Western Coal & Mining Co. v. Harrison

| Ark. | Jan 24, 1916

Kirby, J.,

(after stating the facts). It is contended that the court erred in refusing said instruction as requested and in amending same and giving it as amended over appellant’s objection.

The testimony is undisputed that the appliances in use at the time of the accident were installed two or three years before and it is not disclosed but that same were and had remained in the position and condition all the time until the date of the injury: that it is the kind of hoisting apparatus in general use in shaft mines and it was not shown by plaintiff to have been improperly constructed. One of his witnesses testified that the blocks were not high enough it seemed, and that the cage would hang and coal would drop 'but he also stated that coal always fell ¡back and had been doing so since the time the mine was opened and that where self-dumping cages were used that coal would fall down the shaft and there was no way to prevent it.

Another witness who testified that the blocks were too low also stated that coal would fall anyway in the unloading of cars and could not be prevented from doing so.

The evidence may be said to be unoontradi'cted, also that coal was frequently loaded several-inches above the bed of the cars and rolled off in the ordinary hoisting of the cars and fell down the shaft or lodged on the buntons and later fell down when shaken off by unloading operations.

Said instruction numbered 8 correctly stated the law and appellant was entitled to have it given to the jury without amendment or ¡modification. It applied the law to the facts of the case in a concrete way and no other instruction covered the point. The refusal to give it was error since it does not appear that prejudice did not result therefrom.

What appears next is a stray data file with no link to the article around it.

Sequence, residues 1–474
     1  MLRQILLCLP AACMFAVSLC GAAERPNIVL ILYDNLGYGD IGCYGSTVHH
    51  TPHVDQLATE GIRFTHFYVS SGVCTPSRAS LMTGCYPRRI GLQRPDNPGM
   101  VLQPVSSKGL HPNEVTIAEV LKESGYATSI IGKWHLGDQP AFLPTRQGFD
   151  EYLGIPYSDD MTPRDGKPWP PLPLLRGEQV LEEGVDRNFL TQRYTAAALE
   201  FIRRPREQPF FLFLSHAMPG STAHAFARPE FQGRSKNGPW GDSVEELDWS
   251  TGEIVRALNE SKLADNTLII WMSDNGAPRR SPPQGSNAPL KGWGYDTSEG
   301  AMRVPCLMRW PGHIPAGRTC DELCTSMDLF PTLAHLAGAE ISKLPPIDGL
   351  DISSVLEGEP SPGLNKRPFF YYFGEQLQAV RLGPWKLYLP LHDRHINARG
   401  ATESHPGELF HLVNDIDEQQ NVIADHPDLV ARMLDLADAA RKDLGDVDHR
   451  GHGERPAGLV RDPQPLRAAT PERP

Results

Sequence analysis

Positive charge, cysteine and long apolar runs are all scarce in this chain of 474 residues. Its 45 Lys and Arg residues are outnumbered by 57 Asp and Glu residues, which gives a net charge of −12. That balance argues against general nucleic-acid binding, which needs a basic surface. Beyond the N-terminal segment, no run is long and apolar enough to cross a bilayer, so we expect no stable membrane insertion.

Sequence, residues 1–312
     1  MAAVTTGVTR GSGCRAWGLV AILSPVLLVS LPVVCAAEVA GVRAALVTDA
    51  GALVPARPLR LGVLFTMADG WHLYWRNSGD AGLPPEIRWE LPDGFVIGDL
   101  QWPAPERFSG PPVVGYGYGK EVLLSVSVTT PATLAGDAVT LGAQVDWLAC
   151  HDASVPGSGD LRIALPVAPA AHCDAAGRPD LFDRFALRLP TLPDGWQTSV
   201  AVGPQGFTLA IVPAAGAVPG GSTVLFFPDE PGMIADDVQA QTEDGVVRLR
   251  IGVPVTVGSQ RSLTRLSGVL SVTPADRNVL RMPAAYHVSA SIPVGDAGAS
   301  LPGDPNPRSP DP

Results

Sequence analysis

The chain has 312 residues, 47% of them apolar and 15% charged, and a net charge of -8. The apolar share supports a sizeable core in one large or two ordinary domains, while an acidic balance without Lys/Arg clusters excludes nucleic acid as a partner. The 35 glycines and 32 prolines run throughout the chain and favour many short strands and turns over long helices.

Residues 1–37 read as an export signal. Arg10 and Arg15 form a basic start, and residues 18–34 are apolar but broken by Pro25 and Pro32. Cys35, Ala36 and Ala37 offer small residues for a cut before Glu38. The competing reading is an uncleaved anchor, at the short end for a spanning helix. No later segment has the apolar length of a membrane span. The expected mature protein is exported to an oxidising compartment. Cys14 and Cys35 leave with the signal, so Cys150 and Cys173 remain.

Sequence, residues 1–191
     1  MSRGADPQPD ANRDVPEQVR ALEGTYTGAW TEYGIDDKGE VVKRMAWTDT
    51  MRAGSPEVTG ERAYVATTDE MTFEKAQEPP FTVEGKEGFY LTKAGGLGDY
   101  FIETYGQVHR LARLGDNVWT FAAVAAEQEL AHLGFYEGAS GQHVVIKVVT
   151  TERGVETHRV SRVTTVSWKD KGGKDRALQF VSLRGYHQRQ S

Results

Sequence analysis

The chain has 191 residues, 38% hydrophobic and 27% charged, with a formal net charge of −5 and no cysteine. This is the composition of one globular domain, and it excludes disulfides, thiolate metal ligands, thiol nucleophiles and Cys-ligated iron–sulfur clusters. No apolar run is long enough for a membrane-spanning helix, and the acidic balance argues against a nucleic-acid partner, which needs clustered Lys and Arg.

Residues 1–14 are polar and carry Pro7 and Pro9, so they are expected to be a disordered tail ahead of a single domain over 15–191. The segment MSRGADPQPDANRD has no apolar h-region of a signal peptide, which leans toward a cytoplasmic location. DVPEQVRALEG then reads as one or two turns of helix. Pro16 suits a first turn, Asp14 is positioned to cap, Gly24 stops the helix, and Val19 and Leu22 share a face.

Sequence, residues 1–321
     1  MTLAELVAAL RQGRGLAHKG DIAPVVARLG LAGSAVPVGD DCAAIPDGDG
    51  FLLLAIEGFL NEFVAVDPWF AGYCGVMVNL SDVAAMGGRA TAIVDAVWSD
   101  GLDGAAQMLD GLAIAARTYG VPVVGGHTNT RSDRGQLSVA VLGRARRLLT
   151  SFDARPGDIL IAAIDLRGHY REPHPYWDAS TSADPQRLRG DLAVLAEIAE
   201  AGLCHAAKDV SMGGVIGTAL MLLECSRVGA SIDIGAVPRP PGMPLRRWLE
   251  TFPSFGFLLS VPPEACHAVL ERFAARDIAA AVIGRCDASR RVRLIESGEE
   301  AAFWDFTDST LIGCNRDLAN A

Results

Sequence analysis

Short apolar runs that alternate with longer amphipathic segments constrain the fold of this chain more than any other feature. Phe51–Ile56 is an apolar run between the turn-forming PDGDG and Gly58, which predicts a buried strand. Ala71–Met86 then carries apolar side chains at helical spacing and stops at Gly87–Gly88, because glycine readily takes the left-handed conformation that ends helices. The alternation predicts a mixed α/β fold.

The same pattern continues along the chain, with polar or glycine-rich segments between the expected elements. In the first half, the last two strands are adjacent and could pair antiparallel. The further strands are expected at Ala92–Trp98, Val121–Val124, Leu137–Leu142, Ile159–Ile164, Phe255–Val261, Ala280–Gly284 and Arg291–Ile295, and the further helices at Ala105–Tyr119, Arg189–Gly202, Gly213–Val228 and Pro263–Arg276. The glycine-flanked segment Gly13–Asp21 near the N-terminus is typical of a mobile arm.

If the jury had found that the injury occurred as recited in the instruction, the defendant was entitled to •a verdict and in any event to have the question -submitted to the jury without the proviso. The burden of proof was upon the plaintiff to show that the injury occurred because of the negligence of the coal company and the jury might have been misled by this proviso into thinking that the coal company would be liable for the injury even if it occurred as set out in the instruction, unless they found that it was not caused by some other negligence of said company. It may be that the testimony is sufficient to warrant the inference that the injury occurred by coal falling from the self-dumping cages in the unloading of it, because the dumping blocks were too low, which is the only negligence alleged and an injury caused by the falling of the coal because the cars were loaded -above the bed or some of the coal that had lodged on the buntons was shaken off, would not have warranted a verdict.

If the apparatus in use was standard equipment in general use in such coal mines as the evidence tended to show and the instruction told the jury, the injury to the appellee by the falling of coal down the shaft in the unloading of it was but an ordinary risk of his employment which he assumed in working as he did at the bottom of the shaft at the sump, knowing that the coal would fall. He necessarily knew the danger from the falling coal, it being obvious to any one of ordinary intelligence, and the testimony ¡shows that he had been injured in the isame way a few weeks previous to the injury for which this action was brought, while engaged in his work at the bottom of the shaft.

For the error indicated, the judgment is reversed and the cause remanded for a new trial.